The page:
Mortgage rates were largely unchanged last week, ending a three-week winning streak that saw mortgage rates drift lower from a short-term high in March. Conforming mortgage rates rose slightly according to the weekly Freddie Mac Primary Mortgage Market Survey. Nationwide, the 30-year fixed rate mortgage rate climbed 2 basis points to 3.90%. This rate was available to homeowners willing to pay 0.8 discount points and a full set of closing costs (1 discount point is equal to 1% of the loan amount). Prior to last week’s survey, just 0.7 discount points were required.
This week mortgage rates are expected to be more volatile thanks to economic data releases and the ongoing European debt crisis. The Federal Reserve’s Federal Open Market Committee is scheduled for a 2-day meeting this week as well.
On the data front, the week starts with Tuesday’s Consumer Confidence figures and the government’s New Home Sales report. Both have the power to move mortgage rates. The week then concludes with the Pending Home Sales Index; the GDP release; and a series of Treasury auctions.
With respect to Europe, demand remains strong for debt from Spain and Italy, but at much higher rates compared to several weeks ago. Like Greece in 2011, both nations are feared to be at high risk of default on their debts. Fears of sovereign default in Europe is positive for mortgage rates in the US because it often results in a flight to the relative safety of US debt. The increased demand for US debt tends to push down interest rates.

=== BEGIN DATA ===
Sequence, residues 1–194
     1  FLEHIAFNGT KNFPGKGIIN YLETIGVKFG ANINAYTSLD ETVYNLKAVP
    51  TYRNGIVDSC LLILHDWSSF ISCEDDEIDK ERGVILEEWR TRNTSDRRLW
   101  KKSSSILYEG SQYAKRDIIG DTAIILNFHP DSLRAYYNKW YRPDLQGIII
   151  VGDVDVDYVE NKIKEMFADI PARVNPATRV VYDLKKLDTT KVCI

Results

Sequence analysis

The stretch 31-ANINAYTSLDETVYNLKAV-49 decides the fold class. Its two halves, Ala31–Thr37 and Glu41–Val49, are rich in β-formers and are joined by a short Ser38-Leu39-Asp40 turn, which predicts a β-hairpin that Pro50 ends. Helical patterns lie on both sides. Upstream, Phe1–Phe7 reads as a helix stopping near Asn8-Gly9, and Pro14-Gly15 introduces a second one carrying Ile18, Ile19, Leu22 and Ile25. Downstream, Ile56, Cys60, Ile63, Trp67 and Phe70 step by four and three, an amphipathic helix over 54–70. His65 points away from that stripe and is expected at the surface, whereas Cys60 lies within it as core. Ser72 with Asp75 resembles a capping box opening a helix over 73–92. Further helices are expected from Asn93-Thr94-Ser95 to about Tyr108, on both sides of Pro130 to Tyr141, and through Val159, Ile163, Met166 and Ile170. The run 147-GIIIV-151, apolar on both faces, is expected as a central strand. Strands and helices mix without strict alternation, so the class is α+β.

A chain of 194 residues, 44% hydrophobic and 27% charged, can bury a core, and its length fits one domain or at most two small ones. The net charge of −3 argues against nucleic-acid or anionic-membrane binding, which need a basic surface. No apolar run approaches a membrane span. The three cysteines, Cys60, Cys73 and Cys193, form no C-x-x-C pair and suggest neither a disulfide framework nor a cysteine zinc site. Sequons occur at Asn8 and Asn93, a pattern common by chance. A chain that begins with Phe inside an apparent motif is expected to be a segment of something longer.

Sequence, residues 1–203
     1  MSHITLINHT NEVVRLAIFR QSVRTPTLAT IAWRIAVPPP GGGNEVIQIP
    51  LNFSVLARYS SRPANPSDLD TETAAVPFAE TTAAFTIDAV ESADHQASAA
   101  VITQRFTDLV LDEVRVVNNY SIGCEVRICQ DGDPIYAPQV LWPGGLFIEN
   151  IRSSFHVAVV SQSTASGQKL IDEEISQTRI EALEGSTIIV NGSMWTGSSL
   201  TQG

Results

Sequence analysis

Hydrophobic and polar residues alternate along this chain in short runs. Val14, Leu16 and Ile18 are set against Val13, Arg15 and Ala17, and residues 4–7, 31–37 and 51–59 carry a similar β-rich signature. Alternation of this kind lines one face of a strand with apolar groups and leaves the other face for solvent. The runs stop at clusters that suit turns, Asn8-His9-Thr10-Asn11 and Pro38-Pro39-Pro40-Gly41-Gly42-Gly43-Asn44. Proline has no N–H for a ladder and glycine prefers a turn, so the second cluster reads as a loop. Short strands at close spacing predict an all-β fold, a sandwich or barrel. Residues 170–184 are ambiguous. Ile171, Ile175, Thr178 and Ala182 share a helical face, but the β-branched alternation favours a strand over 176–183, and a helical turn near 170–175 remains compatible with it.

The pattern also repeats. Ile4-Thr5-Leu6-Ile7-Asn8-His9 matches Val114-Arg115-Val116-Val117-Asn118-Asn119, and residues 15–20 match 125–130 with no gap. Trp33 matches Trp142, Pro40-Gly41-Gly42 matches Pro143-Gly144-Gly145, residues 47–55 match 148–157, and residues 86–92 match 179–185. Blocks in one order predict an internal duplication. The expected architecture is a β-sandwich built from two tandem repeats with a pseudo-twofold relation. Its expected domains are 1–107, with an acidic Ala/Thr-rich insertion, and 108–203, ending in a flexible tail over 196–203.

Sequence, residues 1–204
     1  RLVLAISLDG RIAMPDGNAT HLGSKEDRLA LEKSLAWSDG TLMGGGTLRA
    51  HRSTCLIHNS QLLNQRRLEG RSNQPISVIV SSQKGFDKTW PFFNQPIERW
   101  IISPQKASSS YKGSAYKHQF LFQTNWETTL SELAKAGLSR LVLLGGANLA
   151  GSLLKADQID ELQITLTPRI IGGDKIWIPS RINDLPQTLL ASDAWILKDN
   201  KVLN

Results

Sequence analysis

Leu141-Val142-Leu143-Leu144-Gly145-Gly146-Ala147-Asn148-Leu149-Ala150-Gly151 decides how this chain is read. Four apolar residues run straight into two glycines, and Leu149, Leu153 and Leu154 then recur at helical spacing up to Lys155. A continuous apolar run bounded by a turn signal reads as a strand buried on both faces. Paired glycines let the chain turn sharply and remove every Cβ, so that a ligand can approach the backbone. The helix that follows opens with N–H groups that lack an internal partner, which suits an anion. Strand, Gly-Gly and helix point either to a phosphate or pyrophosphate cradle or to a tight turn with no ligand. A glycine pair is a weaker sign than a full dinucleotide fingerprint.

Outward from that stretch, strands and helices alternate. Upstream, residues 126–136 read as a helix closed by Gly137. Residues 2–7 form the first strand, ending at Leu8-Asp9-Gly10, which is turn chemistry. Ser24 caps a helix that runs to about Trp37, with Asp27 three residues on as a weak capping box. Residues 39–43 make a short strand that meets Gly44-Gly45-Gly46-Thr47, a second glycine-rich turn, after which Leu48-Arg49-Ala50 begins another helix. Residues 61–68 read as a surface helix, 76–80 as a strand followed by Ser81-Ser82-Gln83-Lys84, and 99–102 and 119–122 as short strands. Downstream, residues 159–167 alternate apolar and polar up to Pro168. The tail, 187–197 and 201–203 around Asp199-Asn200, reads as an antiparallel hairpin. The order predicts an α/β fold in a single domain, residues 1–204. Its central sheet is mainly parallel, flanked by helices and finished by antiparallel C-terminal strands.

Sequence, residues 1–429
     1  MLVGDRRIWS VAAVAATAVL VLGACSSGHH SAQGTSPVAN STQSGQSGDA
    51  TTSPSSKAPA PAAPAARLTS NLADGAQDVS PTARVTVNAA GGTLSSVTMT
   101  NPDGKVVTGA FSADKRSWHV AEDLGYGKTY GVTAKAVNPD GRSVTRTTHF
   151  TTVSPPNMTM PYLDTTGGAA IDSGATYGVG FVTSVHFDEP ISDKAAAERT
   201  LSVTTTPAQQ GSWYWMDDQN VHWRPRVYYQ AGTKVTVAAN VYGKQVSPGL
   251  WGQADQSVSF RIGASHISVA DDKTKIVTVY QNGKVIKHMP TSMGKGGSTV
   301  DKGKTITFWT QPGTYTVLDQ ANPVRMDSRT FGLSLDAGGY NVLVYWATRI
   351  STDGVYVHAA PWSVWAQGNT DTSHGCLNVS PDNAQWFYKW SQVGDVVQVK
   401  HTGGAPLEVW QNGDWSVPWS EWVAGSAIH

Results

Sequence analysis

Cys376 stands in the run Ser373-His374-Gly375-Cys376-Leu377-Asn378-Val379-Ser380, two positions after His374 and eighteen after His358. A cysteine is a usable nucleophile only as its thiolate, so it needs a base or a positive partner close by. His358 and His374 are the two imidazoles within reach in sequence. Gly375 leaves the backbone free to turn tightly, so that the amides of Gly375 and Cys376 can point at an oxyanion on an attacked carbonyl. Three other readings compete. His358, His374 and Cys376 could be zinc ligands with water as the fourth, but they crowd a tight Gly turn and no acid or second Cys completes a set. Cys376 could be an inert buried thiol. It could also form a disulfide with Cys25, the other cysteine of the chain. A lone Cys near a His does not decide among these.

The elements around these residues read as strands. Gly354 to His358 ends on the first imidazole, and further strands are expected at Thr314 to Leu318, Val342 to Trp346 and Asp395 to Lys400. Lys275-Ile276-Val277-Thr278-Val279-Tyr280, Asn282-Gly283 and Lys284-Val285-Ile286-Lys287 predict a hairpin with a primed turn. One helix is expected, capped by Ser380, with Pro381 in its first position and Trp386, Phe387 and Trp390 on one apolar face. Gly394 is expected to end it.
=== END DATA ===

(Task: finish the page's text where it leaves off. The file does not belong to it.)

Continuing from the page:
The Federal Reserve will make a statement to markets Wednesday afternoon. The Fed is the nation’s central banker and its post-meeting press releases have tremendous influence on bond markets and mortgage rates.
After some serious volatility in March, the relative placidity of the mortgage markets the past few weeks has been a welcome change. That said, it shouldn’t be forgotten that volatility can return with a vengeance. Mortgage rates are wound tight and probably have more room to rise than fall.
If you have a mortgage deal you like, I urge locking it in so you don’t need to worry about what’s going on with interest rates.